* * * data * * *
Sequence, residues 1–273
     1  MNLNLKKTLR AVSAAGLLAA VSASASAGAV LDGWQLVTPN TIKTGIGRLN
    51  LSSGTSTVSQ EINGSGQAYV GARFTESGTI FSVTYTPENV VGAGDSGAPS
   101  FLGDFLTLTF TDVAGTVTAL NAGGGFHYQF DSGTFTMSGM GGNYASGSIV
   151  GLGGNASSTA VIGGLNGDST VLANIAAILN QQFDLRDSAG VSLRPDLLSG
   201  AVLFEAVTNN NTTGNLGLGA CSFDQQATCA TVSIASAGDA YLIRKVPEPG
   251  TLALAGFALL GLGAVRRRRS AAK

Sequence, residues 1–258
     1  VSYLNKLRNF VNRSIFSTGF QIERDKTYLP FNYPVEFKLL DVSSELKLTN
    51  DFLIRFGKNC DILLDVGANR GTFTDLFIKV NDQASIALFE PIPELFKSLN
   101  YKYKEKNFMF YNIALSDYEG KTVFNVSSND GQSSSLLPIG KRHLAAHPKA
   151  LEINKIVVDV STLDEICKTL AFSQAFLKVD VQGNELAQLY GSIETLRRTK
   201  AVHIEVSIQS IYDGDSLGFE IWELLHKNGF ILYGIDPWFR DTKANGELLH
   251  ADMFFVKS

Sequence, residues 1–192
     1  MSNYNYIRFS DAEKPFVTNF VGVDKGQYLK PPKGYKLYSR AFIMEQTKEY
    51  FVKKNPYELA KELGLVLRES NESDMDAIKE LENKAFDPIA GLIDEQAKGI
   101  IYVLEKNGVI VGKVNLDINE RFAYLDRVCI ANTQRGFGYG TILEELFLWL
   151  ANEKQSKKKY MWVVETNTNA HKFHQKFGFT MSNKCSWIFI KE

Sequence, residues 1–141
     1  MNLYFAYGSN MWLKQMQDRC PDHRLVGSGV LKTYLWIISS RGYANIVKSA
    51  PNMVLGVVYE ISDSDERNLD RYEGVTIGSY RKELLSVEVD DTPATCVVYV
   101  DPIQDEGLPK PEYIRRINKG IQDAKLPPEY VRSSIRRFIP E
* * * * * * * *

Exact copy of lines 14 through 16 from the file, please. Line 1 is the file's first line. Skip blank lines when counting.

   251  ADMFFVKS

Sequence, residues 1–192
     1  MSNYNYIRFS DAEKPFVTNF VGVDKGQYLK PPKGYKLYSR AFIMEQTKEY